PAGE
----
RE: weight as measure (was recommended reading )

Subject: RE: weight as measure (was recommended reading )
From: jgarison -at- ide -dot- com
To: "TECHWR-L" <techwr-l -at- lists -dot- raycomm -dot- com>
Date: Fri, 26 Jul 2002 15:34:40 -0400

My how times change ...

Years ago - about 1984 or thereabouts - there was a relatively famous
commercial for the Apple Macintosh on TV. It opened with a shot of an IBM PC
and the announcer said "Here's all the information you need to use this
computer" and then about a foot thick pile of manuals ka-THUMPs to the
floor. Then the shot switches to a Mac ... and the announcer intones "And
here's all the information you need to use the Apple Macintosh" as a thin
little Getting Started manual gently floats down.

However, I also recall being asked to beef up the documentation for a system
one time: "For $250, they expect more heft in the box than two diskettes and
a Quick Start guide."

I call it the Thud Factor. Nothing like a good solid THUD when the box lands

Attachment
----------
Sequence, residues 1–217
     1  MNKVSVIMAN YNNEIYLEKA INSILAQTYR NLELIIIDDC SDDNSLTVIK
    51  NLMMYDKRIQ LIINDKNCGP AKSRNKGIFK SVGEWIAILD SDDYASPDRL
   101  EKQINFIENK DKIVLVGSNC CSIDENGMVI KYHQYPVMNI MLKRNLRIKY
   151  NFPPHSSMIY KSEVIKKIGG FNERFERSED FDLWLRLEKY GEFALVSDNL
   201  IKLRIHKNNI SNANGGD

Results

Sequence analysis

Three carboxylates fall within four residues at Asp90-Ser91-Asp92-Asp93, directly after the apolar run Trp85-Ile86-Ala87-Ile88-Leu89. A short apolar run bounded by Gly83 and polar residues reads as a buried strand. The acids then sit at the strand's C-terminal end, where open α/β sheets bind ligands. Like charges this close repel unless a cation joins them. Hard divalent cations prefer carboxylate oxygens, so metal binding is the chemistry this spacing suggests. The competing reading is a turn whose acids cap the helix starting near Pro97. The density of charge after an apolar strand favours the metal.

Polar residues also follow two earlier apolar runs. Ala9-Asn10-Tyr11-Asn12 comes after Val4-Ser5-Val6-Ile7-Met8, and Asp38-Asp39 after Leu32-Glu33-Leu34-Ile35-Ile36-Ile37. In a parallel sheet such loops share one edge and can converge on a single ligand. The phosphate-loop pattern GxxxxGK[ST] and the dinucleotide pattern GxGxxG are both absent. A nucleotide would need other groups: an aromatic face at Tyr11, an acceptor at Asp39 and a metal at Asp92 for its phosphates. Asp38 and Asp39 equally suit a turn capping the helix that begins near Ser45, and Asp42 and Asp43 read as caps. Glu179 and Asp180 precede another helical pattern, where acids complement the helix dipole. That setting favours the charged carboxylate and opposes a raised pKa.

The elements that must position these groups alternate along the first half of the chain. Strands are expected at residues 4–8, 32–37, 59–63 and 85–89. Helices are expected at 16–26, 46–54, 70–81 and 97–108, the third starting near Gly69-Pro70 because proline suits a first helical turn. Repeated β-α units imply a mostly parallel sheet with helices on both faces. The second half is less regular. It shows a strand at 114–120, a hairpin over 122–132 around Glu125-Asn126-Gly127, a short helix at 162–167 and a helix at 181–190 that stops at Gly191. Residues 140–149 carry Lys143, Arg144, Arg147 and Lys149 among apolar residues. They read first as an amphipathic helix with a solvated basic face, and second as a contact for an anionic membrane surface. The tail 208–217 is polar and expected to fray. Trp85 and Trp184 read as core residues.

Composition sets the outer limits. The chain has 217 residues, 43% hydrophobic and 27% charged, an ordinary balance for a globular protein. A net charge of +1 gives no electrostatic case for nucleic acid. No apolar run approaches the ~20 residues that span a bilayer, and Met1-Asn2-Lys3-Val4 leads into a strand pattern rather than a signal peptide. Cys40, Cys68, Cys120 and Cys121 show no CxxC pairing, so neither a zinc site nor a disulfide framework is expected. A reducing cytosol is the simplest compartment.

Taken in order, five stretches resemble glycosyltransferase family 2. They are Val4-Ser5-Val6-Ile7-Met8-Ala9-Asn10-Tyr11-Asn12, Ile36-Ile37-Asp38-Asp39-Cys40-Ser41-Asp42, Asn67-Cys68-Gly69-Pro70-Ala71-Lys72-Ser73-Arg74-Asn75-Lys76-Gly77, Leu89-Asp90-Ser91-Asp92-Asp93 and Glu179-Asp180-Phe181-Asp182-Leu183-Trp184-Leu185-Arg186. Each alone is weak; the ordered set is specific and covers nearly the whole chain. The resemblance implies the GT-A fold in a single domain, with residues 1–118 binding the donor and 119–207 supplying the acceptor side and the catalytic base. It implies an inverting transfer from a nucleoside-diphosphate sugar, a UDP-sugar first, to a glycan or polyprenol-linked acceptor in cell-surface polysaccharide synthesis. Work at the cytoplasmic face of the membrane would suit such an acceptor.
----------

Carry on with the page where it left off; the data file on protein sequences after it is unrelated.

on your desk. You KNOW you've got something!

My 3¢ (and I remember when that would mail a letter!)


-----Original Message-----
From: Sean Hower [mailto:hokumhome -at- freehomepage -dot- com]
Sent: Friday, July 26, 2002 11:34 AM
Subject: weight as measure (was recommended reading )

Sean O'Donoghue-Hayes wrote:
Because when someone picks up a document they expect to see certain
sections, otherwise they might feel cheated or that the document doesn't
cover the topic adequately. ... It is similar to the right size for a
document....sometimes they judge it by content, sometimes by accuracy, and
ALWAYS by weight.

I vaguely remember reading a study that showed that people reacted more
favorably to large, heavy manuals than small, slim ones. Or maybe the text
I'm thinking of was just an observation taken over many years of experience
in the software industry. Now that I think about it, it may have been in the
gaming industry. Anyway, has anyone else read anything on this?

On an observational note, I can say that I have experienced this first hand.
I turned an 18 page manual (which was much less than a basic overview) into
a 400 page reference/user guide, people were impressed simply by the
increase in size (Then they read the content and were even more impressed
<patsSelfOnBack />. hehehe) On a personal note, that book made a healthy
sounding thud when it hit the floor. <sniff /><sniff />I was so proud that
my little manual grew up.

Sean Hower - tech writer

"Whatever you do, do NOT let your editorial decisions be made by the
squiggly spell-checking lines in Word!" ~Keith Cronin, Techwr-l irritant ;-)

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